Their bilingual children were raised in Mexico; one has chosen to attend university in Mexico, the other in the United States.

Like many dual citizen residents of Mexico, members of this family must now ask whether they will be welcome to remain.

There are cities and towns in Mexico with big concentrations of resident expatriate Americans: in the central highlands, Mexico City, San Miguel De Allende, Ajijic, Cuernavaca and Oaxaca; by the sea, Baja California, Puerto Vallarta, Mazatlan, and the coastal towns of the Yucatan peninsula.

Populations of Americans in each of these places number in the thousands, not the hundreds, as in our little town.

There are dozens of other cities and towns in Mexico with their odd assortment of ten or a hundred or a thousand Americans living peacefully and happily.

In the maelstrom all of a sudden

Most members of the expatriate community in Mexico opposed Donald Trump.

They worry for the Mexican-Americans and Mexicans who may suffer the consequences of aggressive new policies in the United States.

Many also are beginning to fear what will happen to Americans living in Mexico if the threats of mass deportations and harassment of Latinos living within the law in the United States are carried out. Even the few Trump supporters here are anxious.

One recently inquired about buying a gun. He learned that this would be illegal for him in Mexico.

More tensions on the way?

Until now, we expatriate Americans have been treated very well by our Mexican neighbors, who are generally gracious and dignified, inclined to be not only polite but warm and friendly.

Of course, an element of reciprocity is at play here. Maria Teresa, our widowed neighbor, has four children (among her nine), who are living or have lived in the United States, and their contributions to their Mexican family are welcome and important.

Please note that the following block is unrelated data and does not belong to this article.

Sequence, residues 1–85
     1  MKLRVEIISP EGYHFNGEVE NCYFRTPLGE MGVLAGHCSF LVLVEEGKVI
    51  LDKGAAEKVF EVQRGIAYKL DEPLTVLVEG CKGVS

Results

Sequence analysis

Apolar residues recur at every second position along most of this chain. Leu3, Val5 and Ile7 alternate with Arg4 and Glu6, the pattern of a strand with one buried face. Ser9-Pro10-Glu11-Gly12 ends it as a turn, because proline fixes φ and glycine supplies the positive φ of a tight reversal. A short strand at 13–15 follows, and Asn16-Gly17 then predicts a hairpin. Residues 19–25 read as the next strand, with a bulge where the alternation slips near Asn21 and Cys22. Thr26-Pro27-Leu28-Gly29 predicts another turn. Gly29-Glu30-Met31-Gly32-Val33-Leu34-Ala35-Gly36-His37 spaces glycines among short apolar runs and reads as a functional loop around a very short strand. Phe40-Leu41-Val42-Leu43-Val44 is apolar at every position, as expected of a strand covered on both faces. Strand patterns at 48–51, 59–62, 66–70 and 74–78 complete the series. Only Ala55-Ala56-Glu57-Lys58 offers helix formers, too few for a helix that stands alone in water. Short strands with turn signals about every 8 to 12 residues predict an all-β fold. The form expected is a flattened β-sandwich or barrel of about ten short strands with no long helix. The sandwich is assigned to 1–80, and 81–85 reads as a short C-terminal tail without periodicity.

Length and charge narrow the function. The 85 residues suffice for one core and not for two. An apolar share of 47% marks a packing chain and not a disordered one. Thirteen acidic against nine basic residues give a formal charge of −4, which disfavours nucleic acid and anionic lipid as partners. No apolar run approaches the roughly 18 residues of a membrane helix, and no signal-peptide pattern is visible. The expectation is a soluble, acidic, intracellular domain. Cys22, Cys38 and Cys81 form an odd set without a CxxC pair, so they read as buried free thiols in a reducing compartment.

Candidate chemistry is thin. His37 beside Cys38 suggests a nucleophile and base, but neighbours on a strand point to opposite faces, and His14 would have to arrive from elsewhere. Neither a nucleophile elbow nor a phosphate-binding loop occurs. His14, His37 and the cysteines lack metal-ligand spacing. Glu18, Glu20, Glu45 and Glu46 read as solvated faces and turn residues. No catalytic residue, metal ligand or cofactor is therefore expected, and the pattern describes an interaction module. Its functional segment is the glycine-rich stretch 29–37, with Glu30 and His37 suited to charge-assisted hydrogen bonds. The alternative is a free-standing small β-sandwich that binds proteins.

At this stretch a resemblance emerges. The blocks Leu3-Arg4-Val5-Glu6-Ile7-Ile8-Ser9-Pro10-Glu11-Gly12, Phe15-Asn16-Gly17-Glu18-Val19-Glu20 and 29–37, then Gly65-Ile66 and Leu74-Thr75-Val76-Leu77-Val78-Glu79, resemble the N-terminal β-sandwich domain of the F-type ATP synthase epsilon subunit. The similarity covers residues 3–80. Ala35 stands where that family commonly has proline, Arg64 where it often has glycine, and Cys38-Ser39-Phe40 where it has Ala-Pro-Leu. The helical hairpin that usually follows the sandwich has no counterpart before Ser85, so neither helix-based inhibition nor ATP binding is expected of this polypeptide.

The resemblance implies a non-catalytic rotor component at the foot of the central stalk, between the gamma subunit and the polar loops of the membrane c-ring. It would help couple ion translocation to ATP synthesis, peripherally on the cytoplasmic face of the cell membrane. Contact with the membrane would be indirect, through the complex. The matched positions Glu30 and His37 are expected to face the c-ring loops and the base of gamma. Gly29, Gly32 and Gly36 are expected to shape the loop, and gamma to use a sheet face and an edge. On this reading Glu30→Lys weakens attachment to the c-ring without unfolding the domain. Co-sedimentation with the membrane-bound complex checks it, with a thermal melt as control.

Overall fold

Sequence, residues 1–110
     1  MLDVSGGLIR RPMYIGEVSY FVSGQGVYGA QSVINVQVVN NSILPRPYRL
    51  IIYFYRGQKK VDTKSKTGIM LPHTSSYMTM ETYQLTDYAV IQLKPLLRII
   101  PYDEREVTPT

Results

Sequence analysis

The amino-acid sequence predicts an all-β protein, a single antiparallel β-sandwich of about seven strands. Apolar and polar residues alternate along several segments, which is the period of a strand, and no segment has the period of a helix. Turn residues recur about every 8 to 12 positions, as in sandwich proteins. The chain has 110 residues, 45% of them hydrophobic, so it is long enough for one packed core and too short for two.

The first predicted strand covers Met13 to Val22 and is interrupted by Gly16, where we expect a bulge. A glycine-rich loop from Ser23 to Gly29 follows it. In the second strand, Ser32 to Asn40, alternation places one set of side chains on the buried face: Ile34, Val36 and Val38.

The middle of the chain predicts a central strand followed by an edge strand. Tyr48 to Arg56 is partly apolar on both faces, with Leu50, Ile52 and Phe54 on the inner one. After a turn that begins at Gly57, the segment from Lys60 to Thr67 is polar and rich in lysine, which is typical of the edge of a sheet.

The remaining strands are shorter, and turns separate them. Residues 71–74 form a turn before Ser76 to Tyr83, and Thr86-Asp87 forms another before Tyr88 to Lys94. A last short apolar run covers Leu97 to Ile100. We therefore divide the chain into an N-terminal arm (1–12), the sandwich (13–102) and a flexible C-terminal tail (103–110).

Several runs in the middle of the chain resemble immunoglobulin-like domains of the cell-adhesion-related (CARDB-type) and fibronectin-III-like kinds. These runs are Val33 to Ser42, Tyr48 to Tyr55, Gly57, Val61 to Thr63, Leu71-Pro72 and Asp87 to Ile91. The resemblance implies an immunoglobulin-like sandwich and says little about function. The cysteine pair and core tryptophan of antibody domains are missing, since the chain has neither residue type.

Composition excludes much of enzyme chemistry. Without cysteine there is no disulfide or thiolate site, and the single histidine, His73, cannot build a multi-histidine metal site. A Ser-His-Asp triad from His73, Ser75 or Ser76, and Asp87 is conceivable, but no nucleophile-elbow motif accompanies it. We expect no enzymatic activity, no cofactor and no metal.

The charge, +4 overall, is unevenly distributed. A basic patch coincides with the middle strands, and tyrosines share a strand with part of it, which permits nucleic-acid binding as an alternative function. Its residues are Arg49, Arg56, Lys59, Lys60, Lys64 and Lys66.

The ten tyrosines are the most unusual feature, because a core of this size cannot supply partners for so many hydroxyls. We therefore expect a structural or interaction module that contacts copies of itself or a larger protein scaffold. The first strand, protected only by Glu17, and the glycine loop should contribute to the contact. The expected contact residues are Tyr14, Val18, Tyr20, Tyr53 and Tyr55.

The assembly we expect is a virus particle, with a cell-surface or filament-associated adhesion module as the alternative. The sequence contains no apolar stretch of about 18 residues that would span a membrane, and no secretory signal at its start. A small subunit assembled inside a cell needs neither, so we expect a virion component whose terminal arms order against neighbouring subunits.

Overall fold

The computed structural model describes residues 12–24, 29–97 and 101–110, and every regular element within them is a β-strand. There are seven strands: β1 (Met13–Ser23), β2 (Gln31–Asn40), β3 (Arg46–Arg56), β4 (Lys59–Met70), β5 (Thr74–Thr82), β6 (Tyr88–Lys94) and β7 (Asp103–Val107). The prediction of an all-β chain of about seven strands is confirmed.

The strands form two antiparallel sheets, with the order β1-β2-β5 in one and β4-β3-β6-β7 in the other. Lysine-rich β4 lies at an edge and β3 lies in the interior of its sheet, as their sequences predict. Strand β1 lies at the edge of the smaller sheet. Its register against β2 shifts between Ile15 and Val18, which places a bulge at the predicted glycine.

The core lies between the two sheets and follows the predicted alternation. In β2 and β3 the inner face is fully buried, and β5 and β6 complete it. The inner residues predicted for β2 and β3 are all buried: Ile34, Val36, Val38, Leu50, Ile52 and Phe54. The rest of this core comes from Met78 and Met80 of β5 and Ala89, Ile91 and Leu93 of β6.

She is grateful that her children have been mostly well treated in the United States. How will her attitude and the behavior of officials here in Mexico toward U.S. expatriates change, if millions of Latinos living in the United States are routinely harassed, arrested and deprived of their opportunity to send money home?

What will happen if the ugly xenophobia and anti-Mexican rhetoric of the presidential election campaign grows into greater mistreatment of people of Mexican origin in the United States? None of us knows.

But those who are making and enforcing immigration policy might bear in mind that the whole hemisphere and people of all national origins are likely to suffer, including us, the hundreds of thousands of U.S. citizens living in Mexico.

Like Brexit?

An ocean away, following the Brexit vote, our concerns reflect many of the worries that Britons living in Europe (and vice versa) have on their minds all of a sudden, although the U.S. and Mexico never had a open migration for employment, as the EU has.

And we all thought – continental Europeans living in the UK or Americans living in Mexico — that such issues as where you can live peaceably and productively were a matter of the past.

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About Bernard Wasow

Bernard Wasow is Mexico based and a former professor of economics at New York University.